Saturday, March 22, 2014


Every day this week, the outdoors has called to us. From early morning glances out the sun-filled window during breakfast, to mid-day breezes through a cracked window next to the couch while reading. This week has been warm and sunny. Trees are budding and flowers are blossoming. Birds are chirping and lady bugs are crawling. It was a week to play outside - a lot. 

While our style of learning does not strictly follow the methods of Charlotte Mason, we do lean that way in many areas. The following are some insightful quotes from her book Out-Of-Door Life For The Children.
"Nature knowledge is the most important for Young Children - it would be well if all persons in authority, parents and all who act for parents, could make up our minds that there is no sort of knowledge to be got in these early years so valuable to children as that which they get for themselves of the world they live in. Let them once get in touch with Nature, and a habit is formed which will be a source of delight through life. We were all meant to be naturalists, each in his degree, and it is inexcusable to live in a world so full of the marvels of plant and animal life and to care for none of these things."
"Children are born naturalists... every child has a natural interest in the living things about him which is the business of his parents to encourage... but few children are equal to holding their own in the face of public opinion, and if they see that the things which interest them are different or disgusting to you, their pleasure in them vanishes, and that chapter in the book of Nature is closed to them."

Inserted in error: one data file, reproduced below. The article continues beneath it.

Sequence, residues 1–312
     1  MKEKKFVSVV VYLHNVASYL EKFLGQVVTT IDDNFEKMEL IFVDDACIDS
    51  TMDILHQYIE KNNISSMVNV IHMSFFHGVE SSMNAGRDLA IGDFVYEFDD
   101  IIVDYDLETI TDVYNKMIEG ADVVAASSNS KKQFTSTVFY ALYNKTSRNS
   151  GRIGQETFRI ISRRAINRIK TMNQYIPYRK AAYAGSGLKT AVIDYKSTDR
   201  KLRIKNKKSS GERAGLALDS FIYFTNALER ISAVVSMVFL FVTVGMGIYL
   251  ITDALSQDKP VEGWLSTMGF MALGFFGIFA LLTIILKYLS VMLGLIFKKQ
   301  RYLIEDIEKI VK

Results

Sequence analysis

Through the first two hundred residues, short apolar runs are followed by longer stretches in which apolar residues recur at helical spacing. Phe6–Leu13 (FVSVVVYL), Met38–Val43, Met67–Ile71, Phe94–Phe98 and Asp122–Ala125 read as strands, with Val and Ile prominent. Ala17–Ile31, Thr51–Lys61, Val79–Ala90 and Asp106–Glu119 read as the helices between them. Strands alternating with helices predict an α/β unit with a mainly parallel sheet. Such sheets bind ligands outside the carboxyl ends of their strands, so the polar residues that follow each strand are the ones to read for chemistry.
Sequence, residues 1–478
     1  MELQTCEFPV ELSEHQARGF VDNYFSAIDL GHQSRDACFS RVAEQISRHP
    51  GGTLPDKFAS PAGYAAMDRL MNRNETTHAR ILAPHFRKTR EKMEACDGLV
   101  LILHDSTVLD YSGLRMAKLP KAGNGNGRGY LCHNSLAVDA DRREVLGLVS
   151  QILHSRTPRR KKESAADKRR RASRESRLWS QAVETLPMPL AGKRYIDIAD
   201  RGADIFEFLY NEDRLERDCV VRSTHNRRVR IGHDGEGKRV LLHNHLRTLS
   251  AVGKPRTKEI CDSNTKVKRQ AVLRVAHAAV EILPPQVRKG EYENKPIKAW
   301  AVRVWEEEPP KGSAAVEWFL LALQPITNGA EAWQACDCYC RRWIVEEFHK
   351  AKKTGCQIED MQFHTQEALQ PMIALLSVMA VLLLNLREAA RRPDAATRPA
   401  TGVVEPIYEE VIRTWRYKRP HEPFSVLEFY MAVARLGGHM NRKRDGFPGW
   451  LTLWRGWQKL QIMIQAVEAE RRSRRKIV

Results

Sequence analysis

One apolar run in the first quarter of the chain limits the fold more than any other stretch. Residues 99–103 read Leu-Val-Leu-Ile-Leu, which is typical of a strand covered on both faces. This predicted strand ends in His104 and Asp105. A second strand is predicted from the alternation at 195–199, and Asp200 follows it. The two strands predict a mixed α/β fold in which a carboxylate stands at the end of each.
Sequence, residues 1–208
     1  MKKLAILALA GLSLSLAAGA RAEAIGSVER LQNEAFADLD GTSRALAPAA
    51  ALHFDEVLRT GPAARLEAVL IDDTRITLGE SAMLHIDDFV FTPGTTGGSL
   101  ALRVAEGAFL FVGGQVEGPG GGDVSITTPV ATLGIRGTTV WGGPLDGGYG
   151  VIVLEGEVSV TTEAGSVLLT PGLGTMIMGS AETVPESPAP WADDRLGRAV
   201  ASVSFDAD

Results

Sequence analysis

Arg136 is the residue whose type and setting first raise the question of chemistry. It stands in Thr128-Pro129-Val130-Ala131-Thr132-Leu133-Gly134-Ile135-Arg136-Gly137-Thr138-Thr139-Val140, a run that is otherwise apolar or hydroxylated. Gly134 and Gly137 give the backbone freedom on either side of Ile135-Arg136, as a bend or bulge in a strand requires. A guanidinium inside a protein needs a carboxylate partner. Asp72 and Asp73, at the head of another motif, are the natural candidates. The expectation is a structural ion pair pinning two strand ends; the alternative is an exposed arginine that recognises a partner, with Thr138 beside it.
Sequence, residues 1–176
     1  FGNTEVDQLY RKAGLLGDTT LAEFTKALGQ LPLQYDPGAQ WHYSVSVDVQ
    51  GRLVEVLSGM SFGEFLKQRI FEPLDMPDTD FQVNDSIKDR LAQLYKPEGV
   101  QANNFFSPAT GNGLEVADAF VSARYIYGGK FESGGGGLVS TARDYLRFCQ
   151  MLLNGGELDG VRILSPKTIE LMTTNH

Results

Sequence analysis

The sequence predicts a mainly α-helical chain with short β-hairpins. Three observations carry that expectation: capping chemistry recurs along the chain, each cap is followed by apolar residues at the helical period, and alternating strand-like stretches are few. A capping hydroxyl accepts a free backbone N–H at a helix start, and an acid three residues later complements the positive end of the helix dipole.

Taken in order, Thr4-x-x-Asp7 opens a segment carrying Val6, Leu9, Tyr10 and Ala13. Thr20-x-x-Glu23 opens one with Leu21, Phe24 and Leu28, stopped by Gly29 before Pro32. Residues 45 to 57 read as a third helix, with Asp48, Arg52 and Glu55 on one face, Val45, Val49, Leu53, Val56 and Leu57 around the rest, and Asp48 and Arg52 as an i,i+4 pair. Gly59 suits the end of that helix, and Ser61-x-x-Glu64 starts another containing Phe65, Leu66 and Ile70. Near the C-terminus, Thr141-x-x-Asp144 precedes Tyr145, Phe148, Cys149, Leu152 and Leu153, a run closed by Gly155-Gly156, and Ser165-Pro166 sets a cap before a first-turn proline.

"Let us suppose mother and children arrived at some breezy open wherein it seemeth always afternoon. In the first place, it is not her business to entertain the little people: there should be no story-books, no telling of tales, as little talk as possible, and that to some purpose. Who thinks to amuse children with tale or talk at a circus of pantomime? And here, is there not infinitely more displayed for their delectation? Our wise mother, arrived, first sends the children to let off their spirits in a wild scamper, with cry, hallo, and hullaballo, and any extravagance that comes into their young heads."
"This is all play to the children, but the mother is doing invaluable work: she is training their powers of observation and expression, increasing their vocabulary and their range of ideas by giving them the name and the uses for an object at the right moment - when they ask, 'What is it?' and 'What is it for?'"
"They must be let alone, left to themselves a great deal, to take in what they can of the beauty of earth and heavens."
"A great deal has been said lately about the danger of overpressure, of requiring too much mental work from a child of tender years. The danger exists: but lies, not in giving the child too much, but in giving him the wrong things to do, the sort of work for which the present state of his mental development does not fit him. But give the child work that Nature intended for him, and the quantity he can get through with ease is practically unlimited. Whoever saw a child tired of seeing, of examining in his own way, unfamiliar things? This is the sort of mental nourishment for which he has an unbounded appetite, because it is that food of the mind on which, for the present, he is meant to grow."

No comments:

Post a Comment